Written by Sharing Sustainable Solutions
It’s easy for villagers to work together because they know most of the people living in their village. This makes the task of seeking a zero waste solution in a village much easier than tackling a city with a million citizens.
In Wales, the Monmouthshire Environmental Partnership Board has been trying to help villages come to terms with the zero waste idea. They’re trying to promote easy ideas that can reduce and recycle as much as possible while treating waste as a resource, rather than 100% waste.
The Sorting Process
The community recycling people have provided an initial supply of boxes and tins for sorting paper, card, tins, plastic bottles and batteries. The aim is to make everything easy, otherwise people will consider recycling a chore and won’t bother with it.
They also supply posters and leaflets for all. There are educational packs for children and adults with prizes for children such as recycled stationery sets. School grounds will get to see new trees planted as a reward at a later stage.
In Monmouthshire, education has been the way forward and by teaching the children the zone expects that tomorrow’s adults will take zero waste for granted as opposed to the view held by most of the adults who would like to help, but maybe don’t have the time or inclination.
By using exhibitions, showing composting in action and other activities, school recycling champions are being used to promote keen awareness.
The key message is how to make zero waste an easy option.
For example there are videos on how to recycle the day’s garbage:
and what’s easy to recycle:
The first community chosen to target zero waste in villages was St Arvans, a collection of just 273 households. Research showed that the village would be a suitable first test because the people scored high on current waste collection methods. Some 85% of residents already used the ‘black box’ containers – these collect paper, glass, cans and textiles along with food and, separately, garden waste.
An obvious task was to increase both the amounts and types of items collected along with getting more people to join the scheme.
Here’s St Arvans’ first YouTube film:
Over time plastic bottles, rigid plastic and paper drinks cartons were added. This increased the success rate to 95% of the village population attempting to recycle.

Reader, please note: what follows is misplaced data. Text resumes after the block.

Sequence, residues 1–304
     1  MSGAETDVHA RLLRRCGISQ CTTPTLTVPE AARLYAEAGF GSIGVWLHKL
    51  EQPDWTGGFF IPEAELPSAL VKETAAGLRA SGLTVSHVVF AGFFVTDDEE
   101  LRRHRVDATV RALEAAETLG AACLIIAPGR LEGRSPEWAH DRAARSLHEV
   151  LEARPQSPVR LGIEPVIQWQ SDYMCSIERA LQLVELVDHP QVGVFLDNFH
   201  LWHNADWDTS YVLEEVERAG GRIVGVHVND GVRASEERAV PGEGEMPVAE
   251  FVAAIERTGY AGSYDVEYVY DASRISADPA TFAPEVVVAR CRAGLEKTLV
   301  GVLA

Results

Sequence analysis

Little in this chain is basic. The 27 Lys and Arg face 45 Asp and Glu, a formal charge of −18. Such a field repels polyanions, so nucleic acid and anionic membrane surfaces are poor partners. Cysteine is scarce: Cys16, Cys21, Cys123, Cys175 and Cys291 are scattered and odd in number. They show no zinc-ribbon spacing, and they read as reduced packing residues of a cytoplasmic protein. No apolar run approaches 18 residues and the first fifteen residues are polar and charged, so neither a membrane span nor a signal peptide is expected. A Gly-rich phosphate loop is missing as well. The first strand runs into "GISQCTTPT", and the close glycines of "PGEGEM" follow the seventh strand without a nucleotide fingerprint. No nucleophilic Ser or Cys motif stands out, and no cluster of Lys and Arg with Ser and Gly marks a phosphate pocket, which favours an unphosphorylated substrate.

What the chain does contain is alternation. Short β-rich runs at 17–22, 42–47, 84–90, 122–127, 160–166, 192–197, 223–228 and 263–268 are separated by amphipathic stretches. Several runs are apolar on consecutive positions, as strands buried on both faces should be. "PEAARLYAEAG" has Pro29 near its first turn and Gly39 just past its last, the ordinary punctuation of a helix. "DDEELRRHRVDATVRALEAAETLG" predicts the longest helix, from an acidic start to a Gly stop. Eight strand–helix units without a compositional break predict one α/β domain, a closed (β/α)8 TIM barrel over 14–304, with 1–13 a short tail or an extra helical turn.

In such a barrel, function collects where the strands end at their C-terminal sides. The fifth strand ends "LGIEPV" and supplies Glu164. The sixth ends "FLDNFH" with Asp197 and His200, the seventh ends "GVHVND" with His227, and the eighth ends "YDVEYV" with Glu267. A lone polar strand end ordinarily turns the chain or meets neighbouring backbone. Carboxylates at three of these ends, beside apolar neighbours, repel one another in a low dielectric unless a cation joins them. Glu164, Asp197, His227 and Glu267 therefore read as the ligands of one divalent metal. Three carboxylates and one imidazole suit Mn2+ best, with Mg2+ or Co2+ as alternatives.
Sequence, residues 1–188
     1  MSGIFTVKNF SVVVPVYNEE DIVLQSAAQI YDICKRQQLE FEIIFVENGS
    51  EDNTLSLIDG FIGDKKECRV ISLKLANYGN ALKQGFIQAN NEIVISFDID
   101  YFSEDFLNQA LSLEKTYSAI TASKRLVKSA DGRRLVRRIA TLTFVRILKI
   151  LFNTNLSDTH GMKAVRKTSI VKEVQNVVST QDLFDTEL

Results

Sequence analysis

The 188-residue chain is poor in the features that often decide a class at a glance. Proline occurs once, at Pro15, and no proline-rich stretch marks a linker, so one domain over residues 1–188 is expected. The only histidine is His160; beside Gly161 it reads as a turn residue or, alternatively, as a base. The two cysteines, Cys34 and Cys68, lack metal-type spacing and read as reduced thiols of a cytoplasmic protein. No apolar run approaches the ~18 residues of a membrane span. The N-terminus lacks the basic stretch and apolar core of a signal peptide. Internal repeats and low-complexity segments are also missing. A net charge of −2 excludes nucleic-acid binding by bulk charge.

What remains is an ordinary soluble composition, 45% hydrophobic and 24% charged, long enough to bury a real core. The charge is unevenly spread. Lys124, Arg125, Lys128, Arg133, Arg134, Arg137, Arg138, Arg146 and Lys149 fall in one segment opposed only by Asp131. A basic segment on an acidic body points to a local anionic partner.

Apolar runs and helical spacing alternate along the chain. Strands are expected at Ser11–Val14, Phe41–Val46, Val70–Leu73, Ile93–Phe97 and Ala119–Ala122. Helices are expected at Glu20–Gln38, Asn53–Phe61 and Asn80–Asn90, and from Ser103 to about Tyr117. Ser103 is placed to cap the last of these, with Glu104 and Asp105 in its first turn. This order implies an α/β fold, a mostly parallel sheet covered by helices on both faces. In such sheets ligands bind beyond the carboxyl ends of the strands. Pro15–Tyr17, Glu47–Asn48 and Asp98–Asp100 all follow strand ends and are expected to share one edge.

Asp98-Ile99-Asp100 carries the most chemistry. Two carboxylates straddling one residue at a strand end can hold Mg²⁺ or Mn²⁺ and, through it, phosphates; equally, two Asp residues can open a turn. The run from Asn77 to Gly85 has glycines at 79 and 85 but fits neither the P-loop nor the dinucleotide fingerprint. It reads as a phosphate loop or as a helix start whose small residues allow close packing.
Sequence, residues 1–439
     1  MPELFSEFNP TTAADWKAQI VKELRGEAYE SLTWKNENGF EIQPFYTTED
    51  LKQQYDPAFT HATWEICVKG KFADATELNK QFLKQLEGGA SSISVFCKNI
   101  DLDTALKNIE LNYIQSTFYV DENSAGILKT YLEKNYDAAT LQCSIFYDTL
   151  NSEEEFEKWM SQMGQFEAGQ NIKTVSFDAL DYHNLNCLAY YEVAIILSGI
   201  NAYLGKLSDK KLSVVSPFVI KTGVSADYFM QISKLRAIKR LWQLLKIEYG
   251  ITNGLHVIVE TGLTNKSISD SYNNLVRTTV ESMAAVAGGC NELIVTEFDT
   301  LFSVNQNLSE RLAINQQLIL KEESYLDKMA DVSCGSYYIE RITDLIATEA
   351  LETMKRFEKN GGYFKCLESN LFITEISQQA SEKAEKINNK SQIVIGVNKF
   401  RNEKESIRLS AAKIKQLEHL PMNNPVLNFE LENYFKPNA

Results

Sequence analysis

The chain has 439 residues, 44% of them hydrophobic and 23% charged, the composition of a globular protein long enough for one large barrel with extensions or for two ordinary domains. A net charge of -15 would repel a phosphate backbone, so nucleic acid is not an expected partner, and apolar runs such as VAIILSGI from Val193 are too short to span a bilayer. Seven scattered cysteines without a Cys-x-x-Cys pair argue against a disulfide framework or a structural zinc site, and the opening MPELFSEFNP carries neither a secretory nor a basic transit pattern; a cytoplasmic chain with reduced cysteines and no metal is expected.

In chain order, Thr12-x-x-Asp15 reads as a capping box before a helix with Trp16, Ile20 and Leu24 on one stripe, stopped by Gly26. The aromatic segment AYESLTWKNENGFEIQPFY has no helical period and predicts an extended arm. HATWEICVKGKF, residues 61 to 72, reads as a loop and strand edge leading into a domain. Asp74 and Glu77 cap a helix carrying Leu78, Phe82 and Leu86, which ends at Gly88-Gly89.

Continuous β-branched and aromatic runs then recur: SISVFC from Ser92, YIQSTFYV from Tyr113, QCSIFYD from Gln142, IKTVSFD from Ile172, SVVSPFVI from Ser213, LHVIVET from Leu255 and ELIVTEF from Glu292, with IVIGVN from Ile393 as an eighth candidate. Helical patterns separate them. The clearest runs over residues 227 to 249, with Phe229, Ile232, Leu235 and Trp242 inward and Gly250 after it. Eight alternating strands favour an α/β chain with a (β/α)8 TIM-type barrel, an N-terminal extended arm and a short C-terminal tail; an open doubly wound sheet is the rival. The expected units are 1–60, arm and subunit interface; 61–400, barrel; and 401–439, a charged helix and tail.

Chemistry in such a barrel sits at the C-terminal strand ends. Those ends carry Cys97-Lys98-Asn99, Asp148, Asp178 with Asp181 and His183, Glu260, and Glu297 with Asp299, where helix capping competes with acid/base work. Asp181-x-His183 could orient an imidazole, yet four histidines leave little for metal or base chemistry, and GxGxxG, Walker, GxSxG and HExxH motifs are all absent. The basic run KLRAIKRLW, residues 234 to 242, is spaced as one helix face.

The target was to set a week when residents would have zero waste. Since that success, they’ve added more items to the recycled list and residents now report only putting out other waste once every two weeks rather than weekly.
Residents were asked what other materials could be collected which meant that ash from open fires, plastic bags from stores and batteries joined the list of recyclables. Soon they’ll be adding printer and toner cartridges and mobile phones.
What Are The Results Of Action?
So how has it worked out? Research shows that domestic waste has been reduced by 77%. Experts show that this is equal to saving 43 trees and enough energy to light a single bulb in every village house for 37 hours a month.
Residents are now changing their buying habits as well. They’re only buying items that can be recycled or used for other purposes. They check the packaging of every item to enable them to refuse to buy items that don’t match their goals.
Monmouthshire has also added Abergavenny to the village list. This village falls at the opposite end of the spectrum to St Arvans.
Just 36% were participating in any recycling. After the same education and action they’ve now reached 69% which by coincidence is the county’s average.
In making everything easy and cost free for residents, the county gave away compost bins. Checking the figures for just five weeks, 1/3 tonnes of waste a year are being diverted from the 100 households in the plan rather than going to landfill, all because of home composting.
This experiment shows the easy methods that can be taken to other villages, not just locally, but globally. Perhaps one day we will have zero waste cities (Masdar City in the UAE is looking positive), oil rigs, Tripbase flights, amusement parks… the list goes on. Substantial lessons have been learnt, particularly in gradually adding the items to be recycled rather than doing them all at once, coupled with quality education aimed at making the process simple for everyone to be involved.
Originally posted @ Sharing Sustainable Solutions